Amortization in Commercial Real Estate

What is Amortization in Commercial Real Estate? 

Amortization is the process of spreading a loan into payments that consist of both principal and interest over a set timeline, called an amortization schedule. While some commercial real estate loans are fully amortizing, not all are. For example, balloon loans are typically only partially amortizing, while interest-only loans (like many commercial construction loans) usually have a non-amortizing interest-only period, then a period that is either partially or fully amortizing.

Principal and Interest in Amortized Loans 

In an amortized loan, as a borrower pays off their principal, the amount of interest they have to pay decreases. This is because the amount of interest charged is based upon the most recent principal balance of the loan. As a borrower continues to pay off their loan, the proportion of the payment that goes to interest decreases, while the proportion that goes to paying off the principal increases. 

Balloon Loans in Commercial Real Estate 

While most real estate loans residential loans are fully amortizing, most commercial real estate loans are not. For example, a loan might have a term of 7 years and an amortization period of 30. That means that, while the borrower will make payments as if the loan was due in 30 years (over a 30 year amortization schedule), the full principal balance of the loan will be due in 7 years. In many cases, commercial real estate borrowers decide to refinance the loan at this point instead of making a large balloon payment.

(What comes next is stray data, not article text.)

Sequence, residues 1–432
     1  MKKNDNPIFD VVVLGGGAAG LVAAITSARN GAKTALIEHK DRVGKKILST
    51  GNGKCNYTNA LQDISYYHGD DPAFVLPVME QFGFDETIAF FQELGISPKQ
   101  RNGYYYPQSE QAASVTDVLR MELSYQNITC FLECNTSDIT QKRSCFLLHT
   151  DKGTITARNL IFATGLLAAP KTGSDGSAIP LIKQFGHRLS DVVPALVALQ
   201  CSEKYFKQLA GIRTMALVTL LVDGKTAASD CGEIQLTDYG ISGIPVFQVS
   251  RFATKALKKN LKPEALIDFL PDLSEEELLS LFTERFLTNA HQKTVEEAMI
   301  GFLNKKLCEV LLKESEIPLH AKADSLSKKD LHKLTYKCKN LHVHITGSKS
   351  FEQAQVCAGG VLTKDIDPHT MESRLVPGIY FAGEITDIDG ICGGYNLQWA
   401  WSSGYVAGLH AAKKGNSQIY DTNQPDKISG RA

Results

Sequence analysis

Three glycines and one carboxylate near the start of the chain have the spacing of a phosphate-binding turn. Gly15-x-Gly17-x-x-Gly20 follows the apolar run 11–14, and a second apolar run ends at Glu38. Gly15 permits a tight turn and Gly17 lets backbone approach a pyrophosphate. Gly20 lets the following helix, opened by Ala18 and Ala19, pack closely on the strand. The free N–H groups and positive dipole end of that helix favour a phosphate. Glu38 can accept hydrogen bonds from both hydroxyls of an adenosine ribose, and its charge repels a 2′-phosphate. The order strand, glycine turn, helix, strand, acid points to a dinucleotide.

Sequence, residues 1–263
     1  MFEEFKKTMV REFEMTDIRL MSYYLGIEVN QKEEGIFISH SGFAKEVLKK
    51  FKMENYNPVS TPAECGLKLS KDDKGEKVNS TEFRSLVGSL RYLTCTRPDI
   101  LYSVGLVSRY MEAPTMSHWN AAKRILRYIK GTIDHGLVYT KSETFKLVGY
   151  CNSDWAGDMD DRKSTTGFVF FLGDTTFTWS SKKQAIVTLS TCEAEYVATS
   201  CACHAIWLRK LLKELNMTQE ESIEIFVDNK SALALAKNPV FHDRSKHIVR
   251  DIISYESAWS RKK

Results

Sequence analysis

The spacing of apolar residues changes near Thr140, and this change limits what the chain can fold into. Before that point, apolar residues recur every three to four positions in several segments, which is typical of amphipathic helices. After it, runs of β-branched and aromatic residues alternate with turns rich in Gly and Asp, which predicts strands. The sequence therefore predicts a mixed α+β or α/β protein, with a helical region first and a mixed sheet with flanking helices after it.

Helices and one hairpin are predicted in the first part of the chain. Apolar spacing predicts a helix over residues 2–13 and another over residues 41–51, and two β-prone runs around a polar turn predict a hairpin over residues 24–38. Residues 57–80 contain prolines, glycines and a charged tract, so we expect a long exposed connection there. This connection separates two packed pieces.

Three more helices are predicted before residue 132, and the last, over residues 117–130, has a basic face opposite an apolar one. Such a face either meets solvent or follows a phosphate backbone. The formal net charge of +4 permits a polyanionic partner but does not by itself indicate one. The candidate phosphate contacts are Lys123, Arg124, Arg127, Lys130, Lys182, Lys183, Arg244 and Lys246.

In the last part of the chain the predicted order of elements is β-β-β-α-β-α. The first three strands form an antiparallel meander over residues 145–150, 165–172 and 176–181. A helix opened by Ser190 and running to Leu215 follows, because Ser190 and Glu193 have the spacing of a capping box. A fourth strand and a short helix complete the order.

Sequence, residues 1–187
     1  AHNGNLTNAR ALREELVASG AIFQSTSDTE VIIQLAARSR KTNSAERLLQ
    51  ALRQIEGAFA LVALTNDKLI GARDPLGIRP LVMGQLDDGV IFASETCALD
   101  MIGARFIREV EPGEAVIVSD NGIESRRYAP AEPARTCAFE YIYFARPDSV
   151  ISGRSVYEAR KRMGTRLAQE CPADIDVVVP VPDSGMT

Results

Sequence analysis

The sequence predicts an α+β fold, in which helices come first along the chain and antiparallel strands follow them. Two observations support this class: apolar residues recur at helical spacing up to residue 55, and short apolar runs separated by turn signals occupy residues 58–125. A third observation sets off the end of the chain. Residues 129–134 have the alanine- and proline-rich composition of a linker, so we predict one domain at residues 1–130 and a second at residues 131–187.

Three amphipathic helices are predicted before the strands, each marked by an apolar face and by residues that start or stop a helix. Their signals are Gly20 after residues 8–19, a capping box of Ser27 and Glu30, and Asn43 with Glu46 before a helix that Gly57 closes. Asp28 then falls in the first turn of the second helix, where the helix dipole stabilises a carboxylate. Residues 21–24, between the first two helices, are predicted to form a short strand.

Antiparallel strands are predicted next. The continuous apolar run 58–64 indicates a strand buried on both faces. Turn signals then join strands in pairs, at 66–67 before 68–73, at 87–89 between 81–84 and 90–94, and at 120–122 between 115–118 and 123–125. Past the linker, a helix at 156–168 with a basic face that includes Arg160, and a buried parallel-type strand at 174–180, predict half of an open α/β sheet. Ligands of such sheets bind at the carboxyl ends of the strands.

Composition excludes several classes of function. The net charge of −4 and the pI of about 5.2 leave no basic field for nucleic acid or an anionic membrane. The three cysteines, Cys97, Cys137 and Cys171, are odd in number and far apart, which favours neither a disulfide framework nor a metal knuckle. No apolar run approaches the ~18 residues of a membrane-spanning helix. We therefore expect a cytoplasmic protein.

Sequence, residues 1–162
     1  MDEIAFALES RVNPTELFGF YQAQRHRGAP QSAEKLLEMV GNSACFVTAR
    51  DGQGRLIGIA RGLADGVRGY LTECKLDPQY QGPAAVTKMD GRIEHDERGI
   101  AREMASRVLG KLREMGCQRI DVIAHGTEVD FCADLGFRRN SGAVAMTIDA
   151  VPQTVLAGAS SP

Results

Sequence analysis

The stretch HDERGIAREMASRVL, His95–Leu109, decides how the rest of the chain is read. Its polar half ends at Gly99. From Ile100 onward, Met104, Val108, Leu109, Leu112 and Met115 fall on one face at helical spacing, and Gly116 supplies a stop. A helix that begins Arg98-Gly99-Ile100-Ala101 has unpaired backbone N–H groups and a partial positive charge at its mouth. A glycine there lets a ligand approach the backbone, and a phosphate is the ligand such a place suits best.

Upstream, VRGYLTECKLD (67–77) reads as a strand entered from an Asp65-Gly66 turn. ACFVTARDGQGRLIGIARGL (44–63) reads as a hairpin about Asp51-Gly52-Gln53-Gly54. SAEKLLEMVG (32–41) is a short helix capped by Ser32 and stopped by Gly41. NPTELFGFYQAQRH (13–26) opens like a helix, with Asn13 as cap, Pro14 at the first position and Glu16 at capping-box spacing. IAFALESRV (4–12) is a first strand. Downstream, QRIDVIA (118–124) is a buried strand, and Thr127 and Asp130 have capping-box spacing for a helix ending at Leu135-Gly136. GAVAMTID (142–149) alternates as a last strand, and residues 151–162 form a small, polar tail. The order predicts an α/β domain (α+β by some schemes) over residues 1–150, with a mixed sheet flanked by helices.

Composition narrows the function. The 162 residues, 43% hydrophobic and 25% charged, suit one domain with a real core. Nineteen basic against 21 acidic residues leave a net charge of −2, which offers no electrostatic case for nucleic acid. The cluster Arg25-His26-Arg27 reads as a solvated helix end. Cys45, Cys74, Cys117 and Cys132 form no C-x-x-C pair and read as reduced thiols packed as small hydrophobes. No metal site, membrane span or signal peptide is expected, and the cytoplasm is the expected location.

Negatively Amortizing Loans Can Be Particularly Risky For Borrowers 

In some cases, loans may be negatively amortizing, meaning that a borrower isn't even fully paying the interest on the loan. Negatively amortizing loans can be particularly risky for borrowers, since each time a borrower doesn't fully pay off a month's interest, that interest gets added to the principal of the loan. The next month, the borrower will be required to make a larger interest payment on the new, increased principal. In this case, compound interest is actually working against them, and this can become extremely expensive in the long run.  


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